Instead of turning at the awesome towering brown brick church in rural Goodhue County near Kenyon, I went just a little bit farther and turned at the yellow sign depicting a teeter-totter. I parked at Holden Park next to a fellowship of tall field corn stalks — their shiny new tassels waving in the breeze. A gentleman on a ladder in the back of his pickup was working on the silver bell atop the blue pole (and later coaxed out several concluding chimes).

Retrieving the folding chair out of my vehicle I headed toward the side of the wooden building painted a dark purplish hue with pale yellow trim. Instead of congregating with the others right away, I walked a mowed path under a huge oak tree past a windmill and hand pump toward a brightly sunlit monument. The stone was erected in remembrance of Norwegian settlers in the mid-1800s.

I could hear the music and singing of the words “rejoice, rejoice,” while I walked, punctuated by an occasional rebuke from the crows. Heading back for Pastor Heather’s sermon, I moved in close enough to easily hear most of her description of “a long Minnesota goodbye.” The custom of standing around in coats near the front door or on the driveway is familiar to me. The words “pray without ceasing“ and “hold fast to what is good“ were also pleasantly familiar.

After the sermon there was a baptism. School-age sisters in summer dresses were prayed over from a safe distance by Pastor Heather wearing a mask, and the water was handled by their parents out of a basin on a wooden table on the lawn. It was announced the older girl would soon be starting confirmation.

Turning in at the church on the way back home I was happy to see an angel afloat in the high up stained glass window overlooking the cemetery, and paused to reflect on a couple of old gravestones depicting clasped hands — mindful of handshaking being a thing of the recent, versus long-ago, past.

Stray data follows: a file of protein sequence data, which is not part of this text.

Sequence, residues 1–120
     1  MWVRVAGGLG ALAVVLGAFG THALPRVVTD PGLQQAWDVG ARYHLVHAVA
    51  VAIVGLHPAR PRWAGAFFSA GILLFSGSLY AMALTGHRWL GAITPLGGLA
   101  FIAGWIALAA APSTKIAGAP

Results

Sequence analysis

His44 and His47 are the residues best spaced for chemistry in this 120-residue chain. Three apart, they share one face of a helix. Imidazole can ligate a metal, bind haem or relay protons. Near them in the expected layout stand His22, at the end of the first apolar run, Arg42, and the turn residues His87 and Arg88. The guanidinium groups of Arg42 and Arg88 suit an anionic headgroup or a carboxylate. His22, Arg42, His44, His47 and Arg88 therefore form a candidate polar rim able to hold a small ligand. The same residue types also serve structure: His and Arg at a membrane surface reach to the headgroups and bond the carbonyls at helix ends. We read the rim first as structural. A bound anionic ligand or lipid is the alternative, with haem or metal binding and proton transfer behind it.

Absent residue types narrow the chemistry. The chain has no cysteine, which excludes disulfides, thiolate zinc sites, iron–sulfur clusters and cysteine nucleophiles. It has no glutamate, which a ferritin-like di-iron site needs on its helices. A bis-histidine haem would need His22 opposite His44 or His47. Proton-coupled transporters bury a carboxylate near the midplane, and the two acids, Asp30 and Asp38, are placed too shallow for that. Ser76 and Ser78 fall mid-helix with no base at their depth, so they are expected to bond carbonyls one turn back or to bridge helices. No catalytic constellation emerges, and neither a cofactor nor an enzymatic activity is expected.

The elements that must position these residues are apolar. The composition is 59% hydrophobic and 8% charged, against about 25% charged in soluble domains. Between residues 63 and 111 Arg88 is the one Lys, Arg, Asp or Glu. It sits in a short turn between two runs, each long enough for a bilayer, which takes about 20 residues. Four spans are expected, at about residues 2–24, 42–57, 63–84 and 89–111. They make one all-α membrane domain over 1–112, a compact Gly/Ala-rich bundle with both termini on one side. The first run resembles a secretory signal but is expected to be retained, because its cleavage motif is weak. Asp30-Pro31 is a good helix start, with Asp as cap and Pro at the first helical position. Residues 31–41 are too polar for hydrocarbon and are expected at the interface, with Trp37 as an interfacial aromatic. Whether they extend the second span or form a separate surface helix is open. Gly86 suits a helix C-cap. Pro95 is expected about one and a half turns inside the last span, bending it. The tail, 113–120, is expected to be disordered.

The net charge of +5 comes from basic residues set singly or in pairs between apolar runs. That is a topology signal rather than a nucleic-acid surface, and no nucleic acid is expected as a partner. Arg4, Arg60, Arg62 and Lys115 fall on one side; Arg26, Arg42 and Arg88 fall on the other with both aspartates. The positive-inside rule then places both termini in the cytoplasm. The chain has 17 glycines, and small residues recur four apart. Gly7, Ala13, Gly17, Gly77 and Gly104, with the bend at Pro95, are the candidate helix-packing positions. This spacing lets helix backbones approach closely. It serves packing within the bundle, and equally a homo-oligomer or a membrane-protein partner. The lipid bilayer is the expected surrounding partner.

Zigzagging over to Highway 52 I couldn’t resist stopping along side the road long enough to hear singing through the open door at Emmanuel Lutheran Church and admire their sturdy bright white cross at the roof peak showing distinctly against the vibrant blue sky.

Turning in the opposite direction from whence I’d come, I wanted to visit another steeple I’d noticed earlier. Ah yes, Urland Lutheran Church.

Standing on the edge of the landscaping I heard a guest speaker describe the situation she had lived through on Lake Street in Minneapolis. There was a truck backed up to a neat accumulation of donated items that looked like they would fill it to capacity. The speaker mentioned they had been “passed over“ during the riots and we’re very grateful for that. She also mentioned that while her husband who is a bus driver of 23 years still has his job a friend who had driven bus for 18 years was furloughed and having trouble making ends meet.

Instead of getting onto the highway right away I continued back to Spring Garden Lutheran Church where there were cars parked, pulled along the side of the silvery metal fence, heard music and realized they too were having an outdoor service. Standing on steppingstones by the blooming hostas under the flag flapping in the breeze, I felt my long linen dress brushing against my ankles and heard the words “moment by moment,” “do not be discouraged,” also “hear our prayer” and “let it be so.”